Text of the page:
Why do I need a colposcopy examination?

You may know what a colposcopy is, but you may not know what to expect if you need one. It’s likely that your gynaecologist doctor will advise a colposcopy if you have an abnormal smear test; the procedure is also common if you’re experiencing symptoms such as unexplained bleeding after sex, bleeding between periods or pelvic pain.

A colposcopy examination allows your gynaecologist to examine your cervix, vagina and vulva close up, using a special microscope called a colposcope. It can be performed in our clinic and it doesn’t take long – plus, there’s no recovery time, so you can go about your day as normal once your appointment is finished.

 

Does a colposcopy hurt?

Having a colposcopy is a similar experience to having a cervical smear. You may experience a little discomfort, but the procedure should not hurt. First, a speculum is inserted into the vagina to gently reveal the cervix. The gynaecologist then views your cervix using a colposcope – a binocular-like instrument that stays outside your vagina, but provides the doctor with a brightly-lit, magnified view of your cervix.

Your cervix is then painted with acetic acid (white vinegar) which may sound unusual, but again should be painless. It just highlights any area containing abnormal cells. Sometimes an iodine stain is also applied to further identify any abnormal cells, as, unlike healthy cells, these do not stain brown.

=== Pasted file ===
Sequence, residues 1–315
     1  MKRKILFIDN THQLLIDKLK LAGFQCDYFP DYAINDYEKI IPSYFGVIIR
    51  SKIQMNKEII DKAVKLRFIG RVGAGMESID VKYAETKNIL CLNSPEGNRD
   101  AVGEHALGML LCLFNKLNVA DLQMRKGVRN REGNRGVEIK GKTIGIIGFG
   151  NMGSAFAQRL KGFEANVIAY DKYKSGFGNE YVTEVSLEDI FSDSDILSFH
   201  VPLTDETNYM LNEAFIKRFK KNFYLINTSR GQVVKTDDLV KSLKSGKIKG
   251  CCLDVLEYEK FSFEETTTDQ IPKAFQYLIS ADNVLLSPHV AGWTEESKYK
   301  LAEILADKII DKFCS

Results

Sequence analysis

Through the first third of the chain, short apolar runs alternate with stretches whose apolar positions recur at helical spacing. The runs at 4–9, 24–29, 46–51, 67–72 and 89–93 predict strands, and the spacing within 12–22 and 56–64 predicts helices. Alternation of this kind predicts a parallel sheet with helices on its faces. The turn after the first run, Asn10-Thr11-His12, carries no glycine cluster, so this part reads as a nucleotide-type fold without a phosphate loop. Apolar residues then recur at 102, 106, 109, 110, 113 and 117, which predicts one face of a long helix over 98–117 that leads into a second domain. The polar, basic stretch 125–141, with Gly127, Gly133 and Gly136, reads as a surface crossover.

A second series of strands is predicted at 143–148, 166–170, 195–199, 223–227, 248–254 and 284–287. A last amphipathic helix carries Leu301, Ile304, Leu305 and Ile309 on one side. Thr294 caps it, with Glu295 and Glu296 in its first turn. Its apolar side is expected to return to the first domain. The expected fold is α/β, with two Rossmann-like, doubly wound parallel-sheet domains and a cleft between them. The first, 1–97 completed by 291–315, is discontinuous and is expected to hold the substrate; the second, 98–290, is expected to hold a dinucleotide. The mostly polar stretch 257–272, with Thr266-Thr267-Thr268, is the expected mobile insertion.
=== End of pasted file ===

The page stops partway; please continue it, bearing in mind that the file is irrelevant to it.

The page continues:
These procedures allow the colposcopy specialist to grade the appearance of your cervix and recommend the right treatment. A nurse is always present during a colposcopy to support you, as well as assist the gynaecologist. 

 

Colposcopy tests and treatments

If your cervix looks normal, you may require no further treatment than a cervical smear, or swabs to check for infection or the presence of high-risk human papilloma viruses (HPV).

If the colposcopy returns an abnormal result you will need further treatment. Your gynaecologist will want to take a sample (biopsy) of any abnormal areas to send to a laboratory for examination. If this procedure is necessary your cervix will be numbed with a local anaesthetic to avoid any discomfort. 

Sometimes, your gynaecologist may need to remove a larger area of cells using a treatment known as LLETZ (Large Loop Excision of Transformation Zone). This is often performed under local anaesthetic, where a small wire loop is used to cut out any affected tissue. The wound is sealed immediately afterwards with the same loop. Because affected cells are removed rather than destroyed, they can be sent away for further examination, as a way of identifying whether there are any potentially harmful cells remaining on your cervix.

LLETZ can cause a cramping sensation, like period cramps, but there should be no sharp pain. The procedure usually takes no more than twenty minutes, and you should be able to go about your day as normal afterwards.

 

What happens after a cervical biopsy?

Your gynaecologist may apply a yellow-brown paste which acts as a liquid bandage to stop any bleeding. Many women notice a slight blood-stained discharge after a biopsy of the cervix. This will usually clear within a few days, so it can be a good idea to wear a liner in your underwear. 

 

Colposcopy examination and treatment in our London clinic

If your cervical smear test identifies any abnormalities, you may be invited to have a colposcopy. To learn more about cervical screening and our gynaecologists, please call 020 7244 4200 or make an appointment online.